Last Wednesday, the French Cour de Cassation (pictured left), in the Baby Loup case, permitted yet another restriction to be placed on the right to manifest religion in France. The applicant had been fired from her job at Baby Loup, a private crèche and nursery, for violating the organisation’s rules of procedure. By wearing the hijab, the applicant purportedly breached the rule that
the principle of freedom of conscience and of religion of each staff member may not impede respect for the principles of laïcité [secularism] and neutrality that apply in the exercise of developmental activities, either on the premises of the crèche or during outside activities in which staff accompany children enrolled in the crèche.
The applicant will now take the case to the European Court of Human Rights (ECtHR). The decision of the Cour de Cassation in Baby Loup is made all the more significant by the pending judgment in SAS v France, due to be handed down by the ECtHR today. Will the ECtHR continue to permit the creeping erosion of the right to manifest religion (article 9 European Convention of Human Rights (ECHR)) by deferring to the State’s margin of appreciation?
The decision of the Cour de Cassation was based on Articles L. 1121-1 and L. 1321-3 of France’s Labour Code, which require any restrictions on an employee’s freedom of religion to be proportionate and justified by the nature of the employment. The Courtfound that the private nursery could not justify the restriction of the freedom of religion of the employee by direct reference to the principle of laïcité, as the principle applies only to public bodies. Nonetheless, it was willing to accept that the adoption of the principle of laïcité in the organisation’s rules of procedure was designed to protect children and to promote gender equality, rather than promoting and defending laïcité as a religious, political or philosophical belief. Consequently, the Cour de Cassation found that the restriction on the applicant’s freedom of religion was permissible.
The ECtHR is also likely to consider whether the freedom of religion of the applicant in Baby Loup can be justified by either the principle of secularism or ‘the rights and freedoms of others’ (article 9(2) ECHR). The recent cases of Ahmet Arslan and others v Turkey and Eweida and others v United Kingdom are directly relevantas previous ECtHR cases addressing the restriction of the right to manifest religion in the private sphere.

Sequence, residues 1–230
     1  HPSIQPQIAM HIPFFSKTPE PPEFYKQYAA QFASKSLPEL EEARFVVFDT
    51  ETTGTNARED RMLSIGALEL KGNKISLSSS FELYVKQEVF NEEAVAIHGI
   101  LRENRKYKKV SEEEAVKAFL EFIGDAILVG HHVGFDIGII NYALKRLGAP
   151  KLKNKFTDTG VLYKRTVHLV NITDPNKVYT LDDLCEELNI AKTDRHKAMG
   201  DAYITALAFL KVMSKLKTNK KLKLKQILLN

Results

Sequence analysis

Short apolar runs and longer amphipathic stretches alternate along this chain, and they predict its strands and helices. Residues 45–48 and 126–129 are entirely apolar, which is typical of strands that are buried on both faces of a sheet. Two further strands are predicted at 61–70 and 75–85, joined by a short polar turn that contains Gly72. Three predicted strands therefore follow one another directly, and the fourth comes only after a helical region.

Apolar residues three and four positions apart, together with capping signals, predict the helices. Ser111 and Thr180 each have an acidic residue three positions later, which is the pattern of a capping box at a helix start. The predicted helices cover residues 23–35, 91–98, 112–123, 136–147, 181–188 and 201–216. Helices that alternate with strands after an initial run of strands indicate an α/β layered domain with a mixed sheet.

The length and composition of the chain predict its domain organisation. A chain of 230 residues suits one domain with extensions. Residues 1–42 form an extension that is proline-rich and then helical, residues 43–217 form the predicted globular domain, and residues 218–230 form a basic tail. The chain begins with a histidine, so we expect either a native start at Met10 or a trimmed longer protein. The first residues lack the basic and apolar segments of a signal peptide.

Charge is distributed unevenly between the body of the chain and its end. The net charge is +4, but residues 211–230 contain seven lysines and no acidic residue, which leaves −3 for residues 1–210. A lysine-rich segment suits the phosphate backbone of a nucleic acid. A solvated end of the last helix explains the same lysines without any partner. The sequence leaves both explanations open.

Ahmet Arslan concerned the arrest of members of the Aczimendi tankaı religious community for wearing religious clothing in public. The ECtHR found that the restrictions placed on the community by the authorities could not be justified by reference to the principle of secularism as the applicants were not State officials (para 48) and were not wearing religious clothing in a State institution such as a State school (para 49). Thus, Ahmet Arslan limits the circumstances in which States may justify the restriction of freedom of religion on the grounds of the principle of secularism to public officials and institutions. Consequently, it seems unlikely that France will be able to rely on the principle of laïcité in the Baby Loup case, as the nursery was a private organisation.
The ECtHR’s decision in Eweida and others underscored that private employers cannot place unjustified restrictions on the freedom of religion of their employees. In Eweida and others, the applicant wished to wear a crucifix contrary to the uniform policy of British Airways. While the ECtHR was willing to accept the legitimacy of the restriction, as it was ‘the employer’s wish to project a certain corporate image’, it did not accept that the restriction was proportionate (para 94). The crux of the ECtHR’s decision in Eweida and others appears to be that the wearing of the crucifix did not impact ‘the rights and freedoms of others’. Specifically, the ECtHR noted that ‘Ms Eweida’s cross was discreet and cannot have detracted from her professional appearance’ (para 94). Consequently, ‘in these circumstances where there is no evidence of any real encroachment on the interests of others, the domestic authorities failed sufficiently to protect the first applicant’s right to manifest her religion’ (para 95). However, in the instance of the third and fourth applicants in Eweida and others, the applicants had refused to perform civil partnership ceremonies and to offer relationship and sex therapy to homosexual couples, respectively, on the basis that it ran counter to their religious beliefs. The ECtHR accepted that as the applicants’ beliefs led to the discriminatory treatment of others, the restrictions placed on their freedom of religion were justifiable (paras 106 and 109). While the wearing of the hijab in the Baby Loup case does not raise the issue of the discriminatory treatment of others, the ECtHR’s decision in Eweida and others reveals that States retain a wide margin of appreciation to restrict freedom of religion in order to protect ‘the rights and freedoms of others’.